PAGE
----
That giant sucking sound
The author is a columnist at the JoongAng Ilbo.
I was heartbroken to hear that four major Korean companies announced bold plans last week to make a total of 44-trillion-won ($39.2 billion) in investments in the United States before the Korea-U.S. summit at the White House. I felt a sense of shame that tens of thousands of “dream jobs” for young Koreans were lost at once.
Let’s look at Samsung Electronics, which plans to make a 19-trillion-won investment. The Pyeongtaek 2 line, the world’s biggest semiconductor factory, started operation in August 2020. The factory, which is the size of 16 soccer fields, directly employs 4,000 workers. Including workers for partner companies, the factory created employment for more than 30,000. The construction cost of the factory was 30 trillion won. Assuming the same employment effect for investment, building a 19 trillion-won semiconductor factory in Korea would employ over 2,500 employees and create 19,000 related jobs. If you include Hyundai Motor, SK Hynix and LG Energy Solution, as many as 5,000 quality jobs will go to the U.S. The four major business groups — Samsung, Hyundai Motor, SK and LG — currently hire about 10,000 new employees each annually. Their pledges to invest in America shows how many jobs will be lost.
There are more than 420,000 young jobless people. Considering the job situation alone, President Moon Jae-in should be discouraging Korean companies from making investments overseas. He set up a job situation board in the Blue House and pledged to care for our unfortunate unemployed youth.
Since the Obama administration, the U.S. aggressively pushed a reshoring policy to bring back American companies and attract foreign investment. Thanks to the push, half of 1.4 million new jobs in the U.S. came from reshoring from 2010 to early this year. President Joe Biden declared he will create 5 million jobs through reshoring during his term. He must have been grateful to the Korean companies. Biden repeatedly thanked Korea’s corporate leaders at a White House press conference. What you should not forget is that the U.S. unemployment rate was lower than Korea’s before the pandemic — 3.7 percent against 3.8 percent in Korea in 2019.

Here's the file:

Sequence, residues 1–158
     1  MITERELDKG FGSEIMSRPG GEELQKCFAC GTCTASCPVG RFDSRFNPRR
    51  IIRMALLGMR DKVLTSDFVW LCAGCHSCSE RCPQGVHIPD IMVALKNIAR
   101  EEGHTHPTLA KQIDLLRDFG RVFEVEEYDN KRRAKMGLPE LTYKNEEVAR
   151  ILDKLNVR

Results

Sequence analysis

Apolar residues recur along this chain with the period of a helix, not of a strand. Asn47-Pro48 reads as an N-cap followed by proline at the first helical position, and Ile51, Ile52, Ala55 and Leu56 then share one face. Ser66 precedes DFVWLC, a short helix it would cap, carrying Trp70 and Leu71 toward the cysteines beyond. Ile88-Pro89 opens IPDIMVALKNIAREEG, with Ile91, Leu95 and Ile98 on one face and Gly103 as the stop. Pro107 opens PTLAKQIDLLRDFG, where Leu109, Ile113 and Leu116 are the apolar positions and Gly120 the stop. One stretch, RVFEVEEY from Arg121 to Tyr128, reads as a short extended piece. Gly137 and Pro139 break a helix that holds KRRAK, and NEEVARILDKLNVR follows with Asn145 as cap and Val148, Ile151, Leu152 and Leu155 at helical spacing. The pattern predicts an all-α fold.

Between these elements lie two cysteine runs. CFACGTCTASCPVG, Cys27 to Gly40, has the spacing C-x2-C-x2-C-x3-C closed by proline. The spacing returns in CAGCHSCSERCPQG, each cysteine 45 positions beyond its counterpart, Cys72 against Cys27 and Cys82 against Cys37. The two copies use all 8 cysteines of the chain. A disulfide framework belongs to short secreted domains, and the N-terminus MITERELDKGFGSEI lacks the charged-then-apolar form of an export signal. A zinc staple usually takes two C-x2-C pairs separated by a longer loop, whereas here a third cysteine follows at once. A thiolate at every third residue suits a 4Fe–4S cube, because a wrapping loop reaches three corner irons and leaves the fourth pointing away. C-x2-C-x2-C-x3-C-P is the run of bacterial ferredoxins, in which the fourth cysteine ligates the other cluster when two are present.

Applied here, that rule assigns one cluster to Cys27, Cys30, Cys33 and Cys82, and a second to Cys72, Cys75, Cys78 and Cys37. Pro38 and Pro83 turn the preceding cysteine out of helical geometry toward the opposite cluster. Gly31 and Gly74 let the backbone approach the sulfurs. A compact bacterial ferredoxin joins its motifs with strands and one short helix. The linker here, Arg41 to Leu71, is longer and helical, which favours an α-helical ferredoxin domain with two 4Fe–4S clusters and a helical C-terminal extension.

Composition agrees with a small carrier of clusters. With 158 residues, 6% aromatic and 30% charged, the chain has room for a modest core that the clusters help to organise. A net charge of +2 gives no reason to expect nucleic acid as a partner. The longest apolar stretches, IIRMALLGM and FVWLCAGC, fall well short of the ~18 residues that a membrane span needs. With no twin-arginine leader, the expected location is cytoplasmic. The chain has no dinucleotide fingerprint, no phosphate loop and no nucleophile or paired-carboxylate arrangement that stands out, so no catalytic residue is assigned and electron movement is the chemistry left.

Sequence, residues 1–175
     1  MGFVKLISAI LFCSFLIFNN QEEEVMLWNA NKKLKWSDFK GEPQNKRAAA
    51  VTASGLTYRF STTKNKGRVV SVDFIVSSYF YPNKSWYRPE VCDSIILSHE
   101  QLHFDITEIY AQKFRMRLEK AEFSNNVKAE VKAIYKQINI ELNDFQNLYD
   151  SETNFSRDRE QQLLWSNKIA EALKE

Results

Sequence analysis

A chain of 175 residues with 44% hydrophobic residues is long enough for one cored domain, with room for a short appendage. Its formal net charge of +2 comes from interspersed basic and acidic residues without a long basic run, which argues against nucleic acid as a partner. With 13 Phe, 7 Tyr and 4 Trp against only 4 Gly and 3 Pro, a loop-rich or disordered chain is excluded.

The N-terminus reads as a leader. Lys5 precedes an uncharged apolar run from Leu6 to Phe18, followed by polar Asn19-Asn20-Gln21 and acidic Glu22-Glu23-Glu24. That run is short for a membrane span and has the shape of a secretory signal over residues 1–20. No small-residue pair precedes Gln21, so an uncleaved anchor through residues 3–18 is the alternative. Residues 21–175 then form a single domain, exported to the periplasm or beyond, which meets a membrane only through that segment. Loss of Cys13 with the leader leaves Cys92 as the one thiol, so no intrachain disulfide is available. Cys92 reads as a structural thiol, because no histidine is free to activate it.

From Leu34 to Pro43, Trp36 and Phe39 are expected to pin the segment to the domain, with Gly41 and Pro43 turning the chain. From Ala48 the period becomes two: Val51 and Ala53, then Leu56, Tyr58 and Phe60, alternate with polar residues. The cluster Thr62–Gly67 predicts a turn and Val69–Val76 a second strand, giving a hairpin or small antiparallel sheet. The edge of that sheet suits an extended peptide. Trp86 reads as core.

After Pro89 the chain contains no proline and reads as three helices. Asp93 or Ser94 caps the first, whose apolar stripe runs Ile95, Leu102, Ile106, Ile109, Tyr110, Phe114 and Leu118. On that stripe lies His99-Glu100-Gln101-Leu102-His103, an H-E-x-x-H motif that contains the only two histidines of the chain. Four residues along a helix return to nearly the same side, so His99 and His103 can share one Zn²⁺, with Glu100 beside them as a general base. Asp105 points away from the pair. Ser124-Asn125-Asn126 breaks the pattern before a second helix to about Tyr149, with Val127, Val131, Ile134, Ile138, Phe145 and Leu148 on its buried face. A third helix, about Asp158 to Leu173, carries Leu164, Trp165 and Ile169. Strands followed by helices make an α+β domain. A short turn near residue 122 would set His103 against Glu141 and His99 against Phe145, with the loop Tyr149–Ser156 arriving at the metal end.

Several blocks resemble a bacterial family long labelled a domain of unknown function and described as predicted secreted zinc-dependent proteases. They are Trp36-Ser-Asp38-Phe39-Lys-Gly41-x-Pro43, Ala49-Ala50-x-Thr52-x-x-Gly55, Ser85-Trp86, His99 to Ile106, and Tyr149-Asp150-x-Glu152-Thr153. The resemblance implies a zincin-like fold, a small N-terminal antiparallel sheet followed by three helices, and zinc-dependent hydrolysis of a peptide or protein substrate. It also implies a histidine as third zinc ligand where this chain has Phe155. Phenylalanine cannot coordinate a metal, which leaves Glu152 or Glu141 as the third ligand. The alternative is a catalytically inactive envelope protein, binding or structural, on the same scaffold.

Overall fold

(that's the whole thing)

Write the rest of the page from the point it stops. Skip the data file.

Foreign direct investment is usually made when production in foreign countries is beneficial — for instance, when logistics costs or tariffs are high, as in automobiles or large home appliances. But semiconductors are a non-tariff item and cost little to transport, so there is no reason for a semiconductor factory to be set up abroad.
Moon has secured vaccines for 550,000 troops from Biden. But they are only 1.4 percent of the 80 million doses the U.S. plans to give out. Also, there’s no reason to get excited about Korea becoming the first vaccine partner of the U.S. and produce Moderna vaccines. Though they will be produced in Korea, Moderna’s Korean counterpart must make a separate contract for domestic distribution. Korea is not the only country to have a vaccine partnership. At the Quad summit in March, the U.S. made vaccine partnerships with Japan, Australia and India. Biden and the Japanese prime minister reaffirmed it at the U.S.-Japan summit last month.
Moderna is planning to produce vaccines in other Asian countries, including Japan. The president of Moderna said in an interview with Nikkei on May 21 that it is discussing local production with a few Asian countries. There was a report that it was discussing a plan to produce vaccines in Australia.
As the four Korean companies announced their plan to invest in the U.S., it cannot be retracted. Korea must secure enough Moderna vaccines for the people in order not to make the “investment diplomacy” futile. Otherwise, President Moon cannot avoid the resentment that valuable jobs for the young are lost.